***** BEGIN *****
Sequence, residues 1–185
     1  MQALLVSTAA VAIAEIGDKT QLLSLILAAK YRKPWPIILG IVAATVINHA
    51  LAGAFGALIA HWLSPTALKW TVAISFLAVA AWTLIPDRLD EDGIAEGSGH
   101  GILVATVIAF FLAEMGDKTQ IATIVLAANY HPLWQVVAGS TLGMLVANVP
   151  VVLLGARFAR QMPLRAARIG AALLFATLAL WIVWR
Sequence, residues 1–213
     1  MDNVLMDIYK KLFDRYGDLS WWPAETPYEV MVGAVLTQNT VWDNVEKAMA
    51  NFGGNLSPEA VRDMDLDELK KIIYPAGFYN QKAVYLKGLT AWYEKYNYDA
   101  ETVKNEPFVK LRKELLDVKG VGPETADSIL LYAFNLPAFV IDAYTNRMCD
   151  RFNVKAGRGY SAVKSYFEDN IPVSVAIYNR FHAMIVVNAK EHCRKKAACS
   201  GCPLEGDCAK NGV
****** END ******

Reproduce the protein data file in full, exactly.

Sequence, residues 1–185
     1  MQALLVSTAA VAIAEIGDKT QLLSLILAAK YRKPWPIILG IVAATVINHA
    51  LAGAFGALIA HWLSPTALKW TVAISFLAVA AWTLIPDRLD EDGIAEGSGH
   101  GILVATVIAF FLAEMGDKTQ IATIVLAANY HPLWQVVAGS TLGMLVANVP
   151  VVLLGARFAR QMPLRAARIG AALLFATLAL WIVWR
Sequence, residues 1–213
     1  MDNVLMDIYK KLFDRYGDLS WWPAETPYEV MVGAVLTQNT VWDNVEKAMA
    51  NFGGNLSPEA VRDMDLDELK KIIYPAGFYN QKAVYLKGLT AWYEKYNYDA
   101  ETVKNEPFVK LRKELLDVKG VGPETADSIL LYAFNLPAFV IDAYTNRMCD
   151  RFNVKAGRGY SAVKSYFEDN IPVSVAIYNR FHAMIVVNAK EHCRKKAACS
   201  GCPLEGDCAK NGV